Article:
EURO GOVT-Italy rallies as ECB backstop trumps political crisis
* Italian bond yields fall for second day running
* ECB meeting seen as key to appetite for German debt
* German auction demand to hinge on ECB policy outlook
By William James
LONDON, March 6 (Reuters) - Italian government bond yields fell on Wednesday as investors put their faith in the European Central Bank's ability to prevent indecisive elections driving Italy into full-blown crisis.
Investors bought back Rome's bonds for a second consecutive session despite expectations that attempts to form a coalition will fail, and with the country's president considering appointing a technocrat government.
Ten-year Italian bond yields were down 8 basis points at 4.66 percent as analysts pointed to the ECB's long-standing, but untested, promise to backstop struggling sovereigns by buying government bonds.
The moves have been supported by a broadly more optimistic mood around the global economy thanks to signals from the United States, as well as expectations of another strong message from the ECB on Thursday on its determination to see out the crisis.
"At the moment the market is looking through everything and saying 'Italy is not going to be allowed to leave the euro zone and it's got too much debt to be allowed to default, so actually this is quite a nice yielding asset," said Lyn Graham-Taylor, strategist at Rabobank in London.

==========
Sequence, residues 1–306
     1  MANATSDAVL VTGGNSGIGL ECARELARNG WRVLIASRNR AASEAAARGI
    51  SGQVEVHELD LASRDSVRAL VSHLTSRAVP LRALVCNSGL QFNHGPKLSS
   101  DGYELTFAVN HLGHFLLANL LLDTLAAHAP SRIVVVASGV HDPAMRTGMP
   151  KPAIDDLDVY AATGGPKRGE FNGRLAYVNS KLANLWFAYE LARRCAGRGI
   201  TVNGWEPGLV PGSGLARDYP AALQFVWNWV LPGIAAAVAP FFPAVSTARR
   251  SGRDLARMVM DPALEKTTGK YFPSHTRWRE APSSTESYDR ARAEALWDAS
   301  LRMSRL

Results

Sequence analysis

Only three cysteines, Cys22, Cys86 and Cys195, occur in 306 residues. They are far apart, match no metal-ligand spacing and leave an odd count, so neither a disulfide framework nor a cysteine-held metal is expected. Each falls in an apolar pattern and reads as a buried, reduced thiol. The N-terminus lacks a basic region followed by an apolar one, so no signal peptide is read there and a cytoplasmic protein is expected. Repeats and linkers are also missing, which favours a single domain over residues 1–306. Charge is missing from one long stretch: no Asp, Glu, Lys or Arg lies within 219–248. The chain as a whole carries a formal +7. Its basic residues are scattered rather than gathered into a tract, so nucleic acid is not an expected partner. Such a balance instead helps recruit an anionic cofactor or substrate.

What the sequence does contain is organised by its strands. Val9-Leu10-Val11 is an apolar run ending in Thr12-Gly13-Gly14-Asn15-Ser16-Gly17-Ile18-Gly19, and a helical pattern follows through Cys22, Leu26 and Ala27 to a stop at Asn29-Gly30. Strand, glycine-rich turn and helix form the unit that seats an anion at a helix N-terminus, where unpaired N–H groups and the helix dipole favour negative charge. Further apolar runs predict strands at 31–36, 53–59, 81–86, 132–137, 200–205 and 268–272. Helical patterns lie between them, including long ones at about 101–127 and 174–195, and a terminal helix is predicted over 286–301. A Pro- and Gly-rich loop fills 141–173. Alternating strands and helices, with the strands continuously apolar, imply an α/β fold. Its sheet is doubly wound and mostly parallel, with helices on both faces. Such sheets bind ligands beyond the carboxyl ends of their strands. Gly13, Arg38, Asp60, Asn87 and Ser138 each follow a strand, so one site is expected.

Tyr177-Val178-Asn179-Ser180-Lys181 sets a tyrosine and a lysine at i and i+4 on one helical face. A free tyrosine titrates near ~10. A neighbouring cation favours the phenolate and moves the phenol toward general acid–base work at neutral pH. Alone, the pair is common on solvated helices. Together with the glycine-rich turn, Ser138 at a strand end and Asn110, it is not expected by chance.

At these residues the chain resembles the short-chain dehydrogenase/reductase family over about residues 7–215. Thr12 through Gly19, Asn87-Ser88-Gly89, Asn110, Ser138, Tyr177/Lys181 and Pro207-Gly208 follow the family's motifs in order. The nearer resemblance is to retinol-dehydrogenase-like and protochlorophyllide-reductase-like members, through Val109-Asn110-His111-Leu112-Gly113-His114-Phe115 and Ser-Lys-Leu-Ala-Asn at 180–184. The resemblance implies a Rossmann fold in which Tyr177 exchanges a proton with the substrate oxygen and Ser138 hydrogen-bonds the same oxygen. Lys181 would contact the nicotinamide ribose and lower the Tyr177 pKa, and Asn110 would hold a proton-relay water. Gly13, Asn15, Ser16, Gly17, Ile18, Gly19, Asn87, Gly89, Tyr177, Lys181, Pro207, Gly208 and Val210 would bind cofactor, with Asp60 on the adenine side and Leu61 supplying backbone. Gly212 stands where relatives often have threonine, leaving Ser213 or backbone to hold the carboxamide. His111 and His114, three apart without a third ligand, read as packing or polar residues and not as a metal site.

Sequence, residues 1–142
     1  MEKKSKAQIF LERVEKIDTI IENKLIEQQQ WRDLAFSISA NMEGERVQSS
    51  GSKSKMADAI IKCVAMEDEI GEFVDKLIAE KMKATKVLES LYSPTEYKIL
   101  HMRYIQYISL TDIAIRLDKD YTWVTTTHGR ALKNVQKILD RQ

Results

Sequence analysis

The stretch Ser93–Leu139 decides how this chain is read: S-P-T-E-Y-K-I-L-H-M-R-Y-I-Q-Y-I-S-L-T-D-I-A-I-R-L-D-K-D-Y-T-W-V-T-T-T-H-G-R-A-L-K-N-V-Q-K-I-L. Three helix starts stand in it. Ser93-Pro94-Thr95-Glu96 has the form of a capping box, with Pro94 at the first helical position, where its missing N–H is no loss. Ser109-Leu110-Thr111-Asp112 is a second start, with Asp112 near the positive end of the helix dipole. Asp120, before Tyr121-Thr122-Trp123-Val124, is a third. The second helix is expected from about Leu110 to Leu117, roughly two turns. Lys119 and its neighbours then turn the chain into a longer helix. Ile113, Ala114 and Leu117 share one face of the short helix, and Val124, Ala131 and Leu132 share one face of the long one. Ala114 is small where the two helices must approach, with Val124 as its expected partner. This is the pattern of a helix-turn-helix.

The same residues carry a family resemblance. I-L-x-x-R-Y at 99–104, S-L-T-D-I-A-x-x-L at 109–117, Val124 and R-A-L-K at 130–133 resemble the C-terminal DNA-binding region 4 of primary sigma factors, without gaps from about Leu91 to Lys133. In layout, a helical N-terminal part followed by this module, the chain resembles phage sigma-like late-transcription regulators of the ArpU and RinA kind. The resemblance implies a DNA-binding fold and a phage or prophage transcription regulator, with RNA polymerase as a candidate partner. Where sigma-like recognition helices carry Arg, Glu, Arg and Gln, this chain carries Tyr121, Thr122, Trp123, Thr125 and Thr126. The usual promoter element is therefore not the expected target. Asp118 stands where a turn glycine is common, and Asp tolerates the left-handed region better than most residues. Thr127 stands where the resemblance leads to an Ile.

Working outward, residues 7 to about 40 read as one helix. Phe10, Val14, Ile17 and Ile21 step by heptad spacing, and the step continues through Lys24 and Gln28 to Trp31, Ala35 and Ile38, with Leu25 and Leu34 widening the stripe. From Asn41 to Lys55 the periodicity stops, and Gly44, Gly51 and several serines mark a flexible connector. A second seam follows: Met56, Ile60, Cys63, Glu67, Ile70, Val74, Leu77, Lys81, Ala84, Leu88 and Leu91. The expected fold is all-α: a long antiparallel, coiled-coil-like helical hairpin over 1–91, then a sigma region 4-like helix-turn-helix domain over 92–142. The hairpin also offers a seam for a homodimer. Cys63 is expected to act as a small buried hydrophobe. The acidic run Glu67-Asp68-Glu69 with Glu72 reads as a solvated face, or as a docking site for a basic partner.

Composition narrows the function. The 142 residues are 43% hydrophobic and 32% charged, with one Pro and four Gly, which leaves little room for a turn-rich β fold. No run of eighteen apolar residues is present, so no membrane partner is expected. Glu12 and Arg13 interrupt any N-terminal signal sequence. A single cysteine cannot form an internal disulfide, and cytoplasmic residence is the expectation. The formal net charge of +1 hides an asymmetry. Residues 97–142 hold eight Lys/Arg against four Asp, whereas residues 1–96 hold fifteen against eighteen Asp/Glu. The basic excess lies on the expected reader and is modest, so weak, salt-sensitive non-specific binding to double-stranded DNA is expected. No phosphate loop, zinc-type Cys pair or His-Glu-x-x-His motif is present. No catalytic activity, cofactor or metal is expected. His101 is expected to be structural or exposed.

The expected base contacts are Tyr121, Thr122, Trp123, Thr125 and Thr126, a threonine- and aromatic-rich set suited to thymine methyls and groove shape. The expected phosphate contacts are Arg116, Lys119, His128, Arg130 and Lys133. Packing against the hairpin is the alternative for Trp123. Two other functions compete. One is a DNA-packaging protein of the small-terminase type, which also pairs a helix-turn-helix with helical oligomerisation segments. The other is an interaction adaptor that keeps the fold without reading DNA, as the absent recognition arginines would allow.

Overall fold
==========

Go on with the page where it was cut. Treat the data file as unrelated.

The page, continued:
The demand for higher-yielding assets tipped Bund futures , the euro zone's safe haven of choice, 16 ticks lower on the day to 144.87.
The near-term outlook for core debt was dominated by Thursday's ECB meeting, at which dealers expect the central bank to hint at an accommodative policy outlook.
"We think they'll show they had a serious discussion on rates and with the new round of staff forecasts they may just pave the way for a cut," a trader said.
But, while that may encourage bonds broadly to rally in anticipation of lower rates, in the short-term it may help keep investors in the mood to buy the euro zone's riskier debt in favour to Bunds.
"At the moment risk assets seem to take central bank dovishness on board more than bonds do," the trader said.
A German sale of five-year bonds later in the session was expected to see lower borrowing costs than a month ago, reflecting investors' increased desire to hold low risk and highly liquid assets to protect themselves from market turbulence.
However, with five year bonds looking expensive relative to other maturities the strength of demand at the sale will also hinge on how likely the market believes an ECB rate cut is.
"It's a bet on tomorrow's rate decision. If you believe that tomorrow the ECB will cut rates then the five-year (bond) is not that expensive. If don't believe that, it doesn't make sense to go for it," said Patrick Jacq, strategist at BNP Paribas.
Nevertheless, any weakness in core debt was likely to be constrained by the unanswered questions over when and how Italy will resolve its indecisive election.
"The cloud of the Italian political situation is unlikely lift any time soon, which suggests any respite in the flight-to-quality move could be short lived if the lack of news extends for a few more days," said Credit Agricole strategist Orlando Green in a note to clients.
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